# Tag Info

33

There are an infinite number of squares whose sides pass through exactly four circles. In fact, there are an infinite number of squares passing through the top four circles alone. Each frame of the above gif represents one possible square you can draw through those circles. In addition to the 90 squares represented in these 90 frames, there are infinitely ...

24

Yes, X can win. To simplify things I'm going to take advantage of your rules that O cannot win, so that X doesn't need to worry about O getting 1000 in a row. Just consider a 1 dimensional game, chose an origin, and label the locations with integers in order. Define the "bin $K$" as the set of spaces $x$ such that $1000\ K \le x < 1000 (K+1)$. A ...

22

I've got 20

20

This is pretty fun indeed! :) Don't forget to read @trolley813's concise proof (and upvote it :P)

19

I've done it in 21:

17

Took another approach...

15

Here is another simpler proof This generalises to all odd n. For even n, however, X. X. X..X X..X .... .XX. X..XX. X..... ..X..X ..X..X X..... X..XX. X..XX..X X......X ..X..X.. ..X..X.. X......X X..XX..X ........ .XX..XX. X..XX..XX. X......... ..X..XX..X ..X......X X...X..X.. X...X..X.. ..X......X ..X..XX..X X......... X..XX..XX.

15

I would suggest an alternate (simpler) strategy:

14

9 squares that are $1$x$1$ (trivial) 4 squares that are $\sqrt{2}$x$\sqrt{2}$ (Diamonds centered at the 4 central circles) 2 squares that are $\sqrt{5}$x$\sqrt{5}$ (Each starts at a yellow circle. Move like a knight: example 2 right 1 up, 2 up 1 left, 2 left 1 down, 2 down 1 right) 2 squares that are $\sqrt{13}$x$\sqrt{13}$ (Each starts at the orange ...

14

Thanks to @xnor presenting a solution, I was finally able to fix the bug in my Python 3 program. from collections import Counter import sys grid = [[7, 3, 1, 2, 9, 8, 5, 6, 4], [4, 9, 5, 1, 8, 6, 7, 2, 3], [9, 4, 6, 7, 5, 3, 1, 8, 2], [1, 5, 3, 8, 7, 4, 2, 9, 6], [8, 6, 2, 5, 3, 1, 4, 7, 9], [2, 8, 9, 4, 1, 5, 6, 3, ...

14

Well, not strictly an answer (since I've found exactly the same as one already posted), but rather a proof that other ways are not possible:

14

I found a different way to solve it. Note that this doesn't disprove @trolley813's proof - it only shows one part of the proof is incorrect:

13

My solution: Solution method:

10

10

Going first, you should be able to force a win. Using @kaine's terminology: box - an area on the board that can be made into a square square - a box of 4 lines three - a box of three lines which can be made into a square on the next turn safe - a move that doesn't result in a three Moves are enumerated as follows: * 1 * 2 * 3 4 5 * 6 * 7 * 8 9 ...

9

This game is called Sprouts. There is a discussion in Winning ways for your mathematical plays, Vol. 3, by Berlekamp, Conway, and Guy, on p. 598. Sprouts also has a Wikipedia page.

9

Maybe I am misunderstanding the puzzle, but it seemed straightforward to I literally plopped down circles as random as I could (but aligned to a grid, for ease of working) in a convenient drawing tool, in a 16x16 square. Then I The result is: As $a = 16$, I wonder if we are allowed to break that requirement for the bonus? Of course, circle placement will ...

9

First player wins Example:

8

I found 21 9 variations of black square 2 variations of orange square 4 variations of brown square 4 variations of gray square 2 variations of red square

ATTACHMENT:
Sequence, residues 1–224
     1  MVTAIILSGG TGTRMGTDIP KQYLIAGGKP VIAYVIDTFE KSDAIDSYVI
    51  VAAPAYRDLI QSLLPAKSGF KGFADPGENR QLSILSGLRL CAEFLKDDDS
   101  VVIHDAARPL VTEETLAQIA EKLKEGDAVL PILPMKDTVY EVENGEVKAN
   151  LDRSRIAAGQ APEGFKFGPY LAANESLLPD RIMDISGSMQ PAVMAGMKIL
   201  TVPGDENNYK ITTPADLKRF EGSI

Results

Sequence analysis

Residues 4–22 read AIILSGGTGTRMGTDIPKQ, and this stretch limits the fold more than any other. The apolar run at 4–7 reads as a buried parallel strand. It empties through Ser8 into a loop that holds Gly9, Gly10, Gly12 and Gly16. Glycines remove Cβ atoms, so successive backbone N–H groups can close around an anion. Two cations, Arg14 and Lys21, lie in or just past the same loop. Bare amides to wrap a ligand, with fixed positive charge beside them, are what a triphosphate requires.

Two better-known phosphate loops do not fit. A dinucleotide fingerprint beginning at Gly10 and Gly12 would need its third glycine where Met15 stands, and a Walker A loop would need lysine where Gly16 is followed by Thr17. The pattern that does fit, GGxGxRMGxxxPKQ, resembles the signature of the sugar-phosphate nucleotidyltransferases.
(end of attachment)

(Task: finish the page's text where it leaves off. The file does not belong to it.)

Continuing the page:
8

... seems to work. (Brief) explanation of how I found it: Nice puzzle!

8

I solve it in two stages. First stage is The second stage is

8

This game is So in this case If we take "rational" to mean that when either player had a winning move they took it then Now So

8

The missing letters are T, H, U, N, and Y. Determining the first letter: Determining a second letter: And a third: And a... problem:

6

My answer is 21. It break down as follows: 9: Square from dots right next to each other 4: Squares with 1 dot in the middle 2: Squares with central 4 dots in the middle 2: Squares with previous 2 squares in the middle (The above can be more easily visualized from watching Kevin's answer) 4: From the 4 squares with 1 dot in the middle, extend out 1 more ...

6

I wouldn't call this 'elegant', but here's an argument that there can be no solution starting with Grid 1. In the first diagram, edges 1-6 must all have the same label: edges 1 and 2 because of the square they share, then edges 3 and 4 because of the vertex they share with 1 and 2, and finally 5 and 6 because of the square they share with 2 and 4. ...

6

Here's an easy "intuitive" explanation how X can win: If X can get a 998 in a row and it's her turn, she has won. So, if she can get TWO 998s in a row, and it's Os turn, she has won. {O will only be able to cover one - so it's over} So, if she can get FOUR 997s in a row, and it's O's turn, she has won. (O will only be able to cover ..two times.., so ...

6

6

Here's a way that should be faster than writing down letters. Let's say Steve was handed a piece a paper for him to draw on. Steve quickly draws an ichthus and adds some grill marks on it then rips the paper in half. He takes the bottom half, stands it up on the ground, and places some rocks around it so it stands up straight. If the answer is a destroyed ...

6

Alice wins. She starts by playing in the center square of the center board (which we'll call board C). Bob sends Alice over to another board, and she plays in the center of that one. Eventually, Bob fills up the rest of the middle board, and Alice then has the center of all but one of the outer boards. On that turn, Alice takes the "self-square" of the ...

6

It is not possible.

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